An Arctic Storm Is Coming

The ocean conveyor belt courtesy of Wikimedia CommonsYou may have seen a few articles floating around the internet lately on increased military interest in the Arctic, especially as the prospects of thinning sea ice and warming temperatures turn the jet stream into a big Arctic currency snake.

The scent of freshly pressed bills clog the minds of greedy corporations and fossil fuel hungry national leaders with a convoy of flying piggies with slits on their backs.

Is this the Arctic storm of the future?

According to an article at the RT network , “Experts say the future of the world economy, to some extent, is dependent on the Arctic.”

They fail to mention, however, a fact that trumps any human device — that the future of humanity, to a MASSIVE extent, is dependent on the Arctic. And here is why.

Sea ice does more than just reflect the sun’s energy and keep the planet cool. It affects weather patterns by shaping the jet stream which decides when to suck up moisture and where to dump it.  It’s the weather wizard curse of droughts and floods with a swish and flick of the wand. Now add increasing moisture in the air from more arctic ice-melt and the loop spawns a new industry retrofitting houses on the east coast with rooftop entrances. (Hmmm. Aguacene™ Portals perhaps?)

Sea ice also controls the deep ocean conveyor belt pictured above. Check out the National Snow and Ice Data Center for all things ice.

Salty water freezes at much lower temperatures. That is why we add salt to winter sidewalks. Well, that’s not really why…we’re just too lazy to shovel. We’d rather assault our fresh water systems, but that’s outside the scope of this post. Keeping the Arctic cold is crucial.

Unlike lake ice which simply floats on fresh water, sea ice ejects salt from its clutches as it freezes. This increases the density of the water layer absorbing the salt underneath the ice and stalls it from freezing. The warmer sea water further below gives way and the sluggish chilly layer sinks to the bottom and heads for the equator in true Canadian fashion.  Then, after taking a nice leisurely cruise around the tropics, it eventually meanders its way back north, with a stop to visit the Queen of course.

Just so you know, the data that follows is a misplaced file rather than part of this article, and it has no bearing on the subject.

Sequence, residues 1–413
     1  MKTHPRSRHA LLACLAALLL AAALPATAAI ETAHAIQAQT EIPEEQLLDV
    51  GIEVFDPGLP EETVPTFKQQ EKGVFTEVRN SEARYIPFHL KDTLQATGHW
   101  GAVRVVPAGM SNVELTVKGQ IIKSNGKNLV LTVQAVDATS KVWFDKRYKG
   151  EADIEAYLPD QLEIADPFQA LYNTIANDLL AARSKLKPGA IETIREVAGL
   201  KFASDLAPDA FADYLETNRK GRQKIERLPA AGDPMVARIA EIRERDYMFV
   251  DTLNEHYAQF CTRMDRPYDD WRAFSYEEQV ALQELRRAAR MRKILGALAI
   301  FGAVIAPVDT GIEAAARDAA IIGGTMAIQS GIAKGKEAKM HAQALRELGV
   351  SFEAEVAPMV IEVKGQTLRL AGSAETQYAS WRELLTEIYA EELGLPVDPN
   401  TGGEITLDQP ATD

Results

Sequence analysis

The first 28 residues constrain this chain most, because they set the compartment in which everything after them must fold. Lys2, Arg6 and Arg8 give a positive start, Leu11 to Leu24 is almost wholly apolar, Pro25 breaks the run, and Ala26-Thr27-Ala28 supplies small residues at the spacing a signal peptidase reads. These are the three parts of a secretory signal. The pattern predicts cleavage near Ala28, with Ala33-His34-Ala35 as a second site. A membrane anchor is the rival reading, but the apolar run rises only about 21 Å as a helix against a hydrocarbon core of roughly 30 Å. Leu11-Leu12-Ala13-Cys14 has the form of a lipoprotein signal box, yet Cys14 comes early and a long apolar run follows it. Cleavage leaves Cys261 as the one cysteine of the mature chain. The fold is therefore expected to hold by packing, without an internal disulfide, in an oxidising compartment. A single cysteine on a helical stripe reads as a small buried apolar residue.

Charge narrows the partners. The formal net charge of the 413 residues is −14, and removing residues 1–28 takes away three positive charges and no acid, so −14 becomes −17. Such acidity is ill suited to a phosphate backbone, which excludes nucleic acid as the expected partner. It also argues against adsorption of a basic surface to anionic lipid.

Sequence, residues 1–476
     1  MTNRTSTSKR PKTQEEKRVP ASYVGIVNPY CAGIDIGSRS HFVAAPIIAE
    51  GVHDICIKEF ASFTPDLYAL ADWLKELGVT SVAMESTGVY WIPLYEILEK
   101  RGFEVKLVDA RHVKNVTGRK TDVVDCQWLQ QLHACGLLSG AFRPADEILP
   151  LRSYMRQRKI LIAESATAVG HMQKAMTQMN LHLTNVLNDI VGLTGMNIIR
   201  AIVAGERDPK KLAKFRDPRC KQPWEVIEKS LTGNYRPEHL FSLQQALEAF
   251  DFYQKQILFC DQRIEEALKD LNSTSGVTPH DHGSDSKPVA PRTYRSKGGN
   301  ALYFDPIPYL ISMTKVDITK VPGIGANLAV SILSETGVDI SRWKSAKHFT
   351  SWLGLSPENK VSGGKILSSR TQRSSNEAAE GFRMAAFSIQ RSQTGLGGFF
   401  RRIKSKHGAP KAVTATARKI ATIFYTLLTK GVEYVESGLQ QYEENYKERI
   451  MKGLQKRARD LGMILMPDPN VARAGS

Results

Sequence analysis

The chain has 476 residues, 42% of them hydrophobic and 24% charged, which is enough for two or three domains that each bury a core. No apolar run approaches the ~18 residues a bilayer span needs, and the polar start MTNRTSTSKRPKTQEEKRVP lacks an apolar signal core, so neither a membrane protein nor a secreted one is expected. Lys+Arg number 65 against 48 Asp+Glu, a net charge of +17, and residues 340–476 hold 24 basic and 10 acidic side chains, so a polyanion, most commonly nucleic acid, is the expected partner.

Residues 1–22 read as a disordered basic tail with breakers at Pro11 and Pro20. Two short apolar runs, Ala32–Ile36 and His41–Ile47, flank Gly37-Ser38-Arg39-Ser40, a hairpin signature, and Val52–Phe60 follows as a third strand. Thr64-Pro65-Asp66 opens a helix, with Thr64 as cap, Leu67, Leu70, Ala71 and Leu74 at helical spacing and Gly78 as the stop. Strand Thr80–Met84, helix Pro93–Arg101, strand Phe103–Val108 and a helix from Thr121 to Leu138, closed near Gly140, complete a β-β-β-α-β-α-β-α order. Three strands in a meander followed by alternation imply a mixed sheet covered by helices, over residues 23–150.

This thermohaline circulation, as the conveyor belt action is called, moves oxygen around the deep ocean. No sea ice, less circulation, less oxygen, more dead zones, and welcome dystopian science fiction reality.

Sea ice does not only respond to air temperature and cold winds either. The great Arctic rivers, such as the Mackenzie River feeding the Beaufort Sea is truly the Deh-Cho when it comes to climate change and human life.  Her watershed comprises nearly 20% of Canada. She flows into the Beaufort Sea creating an influx of fresh water massive enough to kick start an intricate process of sea ice melting, thus feeding into an already compromised system as river discharge alters Arctic sea ice.

But before you say “Hey! Let’s just damn her and imprison her behind a concrete wall” think again.  

Arctic deltas contribute to sea ice formation in the winter by bringing in fresh water to reduce salinity and allow land-based sea ice to form. Arctic watersheds also provide much needed Nordic ice cover on the great rivers which would otherwise be hot little spring photon suckers that float on down to the Arctic ocean to spice things up even further. Yum. Baby seal vindaloo.

As long as the fresh and salt water relationship is kept in delicate balance all is good. Unfortunately, all is not so good. The Deh-Cho in particular is in immediate danger (more on that in a future post) which brings us full circle to the recent political interest in the great white further north.

If Arctic warming continues at its accelerating pace, whoever “owns’ the Arctic sea floor in this fossil fuel addicted world will control the global economy…but for how long? The answer to that question exists in the oceans themselves — our life source.

Time to do some virtual snowboarding on the Mackenzie ice jams and get informed.

Let's make a splash!


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  1. says

    I wonder if we as individuals collecting rainwater and using grey water technology thus lessening the demand on water from suppliers will even slow down these destroyers of the earth.
    Perhaps if we can get it done by the masses.
    The earth needs us to take sides now.

    • says

      It certainly requires a shift in how we all view our selves in relation to our water source. Collecting rainwater and using grey water does decouple the requirement for energy to pump water into households from city stores.

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